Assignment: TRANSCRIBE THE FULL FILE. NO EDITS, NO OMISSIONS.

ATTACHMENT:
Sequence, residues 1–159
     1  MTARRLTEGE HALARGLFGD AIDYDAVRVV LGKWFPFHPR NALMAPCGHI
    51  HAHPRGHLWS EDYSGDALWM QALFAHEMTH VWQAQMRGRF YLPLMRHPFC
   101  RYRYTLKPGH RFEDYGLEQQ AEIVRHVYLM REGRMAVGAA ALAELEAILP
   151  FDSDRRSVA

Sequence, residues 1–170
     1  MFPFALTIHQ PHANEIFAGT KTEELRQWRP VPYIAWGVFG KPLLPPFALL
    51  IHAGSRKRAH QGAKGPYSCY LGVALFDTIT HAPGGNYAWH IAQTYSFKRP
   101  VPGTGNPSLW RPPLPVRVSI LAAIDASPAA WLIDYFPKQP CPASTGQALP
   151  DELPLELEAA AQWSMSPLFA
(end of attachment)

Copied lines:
Sequence, residues 1–159
     1  MTARRLTEGE HALARGLFGD AIDYDAVRVV LGKWFPFHPR NALMAPCGHI
    51  HAHPRGHLWS EDYSGDALWM QALFAHEMTH VWQAQMRGRF YLPLMRHPFC
   101  RYRYTLKPGH RFEDYGLEQQ AEIVRHVYLM REGRMAVGAA ALAELEAILP
   151  FDSDRRSVA

Sequence, residues 1–170
     1  MFPFALTIHQ PHANEIFAGT KTEELRQWRP VPYIAWGVFG KPLLPPFALL
    51  IHAGSRKRAH QGAKGPYSCY LGVALFDTIT HAPGGNYAWH IAQTYSFKRP
   101  VPGTGNPSLW RPPLPVRVSI LAAIDASPAA WLIDYFPKQP CPASTGQALP
   151  DELPLELEAA AQWSMSPLFA